French President Emmanuel Macron made the well-worn pilgrimage to the northeastern village of Colombey-les-Deux-Eglises on Monday to pay tribute to the man credited with restoring pride to France after the catastrophe of World War II.
“Will and resilience were what Charles de Gaulle was about,” Macron tweeted afterwards after paying silent homage at his graveside.
“And that spirit has left a heritage – France,” he added.
Even a half century on, France's fascination with the general – known as “the giraffe” for his towering frame – shows no sign of abating.
The country has lapped up a new film and television series charting his stubborn resistance to the Nazis in World War II – as well as to his allies, the US and Britain – often against the greatest of odds.
Britain's wartime prime minister Winston Churchill, who helped de Gaulle set himself up as leader of the Free French, once joked that he constantly had to remind the French general that the enemy was Germany.
“If he would follow his own inclination, it would be England,” said Churchill.
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But even Churchill had no doubt that de Gaulle – whose warrior Irish ancestor Owen McCartan had been hung, drawn and quartered by the English – was a “great man”.
No less than 20 new biographies and studies of de Gaulle's personality have also been published in the run-up to the anniversary.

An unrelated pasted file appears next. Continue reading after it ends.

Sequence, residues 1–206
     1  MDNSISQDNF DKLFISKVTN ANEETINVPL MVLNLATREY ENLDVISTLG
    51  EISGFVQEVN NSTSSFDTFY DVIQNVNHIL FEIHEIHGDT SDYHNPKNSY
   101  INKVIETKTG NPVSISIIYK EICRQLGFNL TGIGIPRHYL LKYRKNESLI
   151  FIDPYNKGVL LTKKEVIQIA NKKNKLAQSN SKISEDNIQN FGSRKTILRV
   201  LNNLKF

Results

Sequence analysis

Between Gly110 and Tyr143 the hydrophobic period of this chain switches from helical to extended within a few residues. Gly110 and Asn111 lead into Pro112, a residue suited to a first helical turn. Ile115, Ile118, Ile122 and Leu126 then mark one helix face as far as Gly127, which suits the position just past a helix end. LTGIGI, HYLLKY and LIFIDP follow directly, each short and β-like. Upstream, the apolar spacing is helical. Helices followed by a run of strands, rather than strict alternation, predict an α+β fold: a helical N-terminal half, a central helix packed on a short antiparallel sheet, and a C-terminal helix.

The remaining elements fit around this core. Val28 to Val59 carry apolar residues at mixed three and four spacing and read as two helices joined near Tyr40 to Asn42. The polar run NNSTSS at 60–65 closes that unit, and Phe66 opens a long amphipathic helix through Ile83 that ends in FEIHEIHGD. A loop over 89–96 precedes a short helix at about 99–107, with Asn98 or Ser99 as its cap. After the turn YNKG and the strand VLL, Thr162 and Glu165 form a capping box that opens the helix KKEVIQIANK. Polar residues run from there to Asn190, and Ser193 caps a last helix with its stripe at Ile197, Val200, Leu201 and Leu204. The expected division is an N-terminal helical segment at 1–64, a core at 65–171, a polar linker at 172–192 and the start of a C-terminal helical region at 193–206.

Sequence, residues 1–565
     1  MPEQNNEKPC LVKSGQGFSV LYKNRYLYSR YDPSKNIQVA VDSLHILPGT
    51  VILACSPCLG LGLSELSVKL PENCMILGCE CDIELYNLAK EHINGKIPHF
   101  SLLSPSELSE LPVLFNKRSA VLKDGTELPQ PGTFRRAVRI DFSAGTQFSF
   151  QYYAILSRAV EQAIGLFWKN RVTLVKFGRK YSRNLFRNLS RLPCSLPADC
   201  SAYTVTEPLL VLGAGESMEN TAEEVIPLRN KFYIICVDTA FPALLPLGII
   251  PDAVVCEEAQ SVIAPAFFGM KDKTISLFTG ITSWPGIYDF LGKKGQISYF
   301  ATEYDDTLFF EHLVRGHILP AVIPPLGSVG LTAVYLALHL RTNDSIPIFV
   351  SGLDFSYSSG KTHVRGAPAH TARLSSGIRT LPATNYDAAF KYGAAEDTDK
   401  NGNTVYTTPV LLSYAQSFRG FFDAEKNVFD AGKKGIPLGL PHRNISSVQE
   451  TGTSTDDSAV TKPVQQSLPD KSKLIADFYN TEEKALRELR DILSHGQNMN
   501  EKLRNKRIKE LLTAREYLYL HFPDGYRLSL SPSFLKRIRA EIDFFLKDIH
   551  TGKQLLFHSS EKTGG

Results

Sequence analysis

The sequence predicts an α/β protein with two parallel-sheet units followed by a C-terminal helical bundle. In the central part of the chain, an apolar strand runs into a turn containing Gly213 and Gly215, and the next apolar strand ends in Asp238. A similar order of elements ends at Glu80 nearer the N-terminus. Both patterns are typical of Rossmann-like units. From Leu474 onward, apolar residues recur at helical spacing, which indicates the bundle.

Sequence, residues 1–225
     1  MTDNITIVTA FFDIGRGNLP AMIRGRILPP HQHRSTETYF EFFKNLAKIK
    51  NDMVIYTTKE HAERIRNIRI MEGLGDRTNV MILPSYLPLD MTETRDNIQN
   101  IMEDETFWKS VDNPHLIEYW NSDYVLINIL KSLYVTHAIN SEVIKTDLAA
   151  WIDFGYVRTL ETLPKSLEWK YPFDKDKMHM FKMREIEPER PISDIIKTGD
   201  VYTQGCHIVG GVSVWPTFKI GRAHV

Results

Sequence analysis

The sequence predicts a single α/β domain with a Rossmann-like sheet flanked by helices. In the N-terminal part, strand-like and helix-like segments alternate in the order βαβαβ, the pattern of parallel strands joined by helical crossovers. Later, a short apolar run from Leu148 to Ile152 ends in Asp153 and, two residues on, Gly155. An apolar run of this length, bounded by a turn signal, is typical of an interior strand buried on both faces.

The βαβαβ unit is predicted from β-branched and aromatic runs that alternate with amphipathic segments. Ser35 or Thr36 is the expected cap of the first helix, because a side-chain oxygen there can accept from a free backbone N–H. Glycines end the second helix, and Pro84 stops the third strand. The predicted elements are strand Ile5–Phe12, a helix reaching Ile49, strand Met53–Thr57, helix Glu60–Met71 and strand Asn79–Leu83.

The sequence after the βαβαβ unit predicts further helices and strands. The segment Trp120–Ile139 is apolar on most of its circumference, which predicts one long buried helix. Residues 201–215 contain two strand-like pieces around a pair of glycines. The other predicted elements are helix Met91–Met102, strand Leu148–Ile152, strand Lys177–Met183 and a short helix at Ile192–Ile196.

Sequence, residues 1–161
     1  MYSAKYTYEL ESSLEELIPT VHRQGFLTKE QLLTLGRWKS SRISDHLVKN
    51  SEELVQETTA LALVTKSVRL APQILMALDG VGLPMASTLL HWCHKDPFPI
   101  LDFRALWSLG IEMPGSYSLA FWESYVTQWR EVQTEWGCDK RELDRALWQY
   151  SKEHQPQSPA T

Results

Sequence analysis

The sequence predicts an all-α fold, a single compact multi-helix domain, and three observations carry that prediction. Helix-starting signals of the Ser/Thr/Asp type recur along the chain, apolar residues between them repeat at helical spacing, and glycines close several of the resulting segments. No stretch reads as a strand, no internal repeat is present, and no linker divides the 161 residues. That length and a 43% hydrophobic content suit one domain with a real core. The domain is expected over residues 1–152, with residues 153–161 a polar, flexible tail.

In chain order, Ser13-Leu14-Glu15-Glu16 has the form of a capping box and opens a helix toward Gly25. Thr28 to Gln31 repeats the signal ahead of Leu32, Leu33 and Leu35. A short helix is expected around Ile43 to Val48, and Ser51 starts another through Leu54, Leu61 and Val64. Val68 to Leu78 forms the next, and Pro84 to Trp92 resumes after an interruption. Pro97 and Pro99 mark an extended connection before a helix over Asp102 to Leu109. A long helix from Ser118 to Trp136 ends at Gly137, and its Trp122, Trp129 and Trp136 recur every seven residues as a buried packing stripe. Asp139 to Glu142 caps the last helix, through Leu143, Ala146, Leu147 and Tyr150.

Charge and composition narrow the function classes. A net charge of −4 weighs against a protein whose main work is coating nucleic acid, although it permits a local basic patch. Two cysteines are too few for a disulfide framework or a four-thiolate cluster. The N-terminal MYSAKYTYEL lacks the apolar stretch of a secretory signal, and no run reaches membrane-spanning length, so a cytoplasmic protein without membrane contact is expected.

Some have focused on the sensitive side of the military and political colossus – he would spend hours playing and singing with his youngest daughter Anne, who suffered from Down's Syndrome.
This is contrasted with his ruthlessness in steering France out of the bloodbath of the Algerian war of independence and his ability to survive street protests against him in May 1968.
'France is a widow'
It was at around 7pm on November 9th, 1970, at his home in Colombey-les-Deux-Eglises, de Gaulle complained to his wife Yvonne of a painful back.
He had been writing his memoirs, which he would never complete.
Head in his hands, he collapsed in his armchair. Suffering an abdominal aneurysm, the great statesman was dead.
Only 18 months earlier he had resigned as president, having served as head of state for a second time from 1958 to 1969, after losing a referendum.
His death was kept secret all night. Only his children were told.
His successor, President Georges Pompidou, was told at 7.20am the next morning.
There was no official announcement. At 9.41am, AFP broke the news with a brief line: “De Gaulle is dead.”
In the streets, in offices – the news spread like wildfire. Around the world, messages of condolence flooded in.
“France is a widow,” Pompidou said at midday in a televised address to the nation.
De Gaulle's funeral took place on November 12th at Colombey-les-Deux-Eglises. In the crowd, following his wishes, there were no heads of state nor government ministers, just ordinary citizens.
The funeral procession, trailed by the family, made its way slowly to the village church where de Gaulle had attended Sunday Mass days earlier. A silent crowd watched.
The coffin was carried by 12 volunteers into the cemetery adjoining the church, where it was buried next to his daughter Anne, who had died aged 20.
A simple engraving marks the white marble of his tombstone: “Charles de Gaulle 1890-1970.”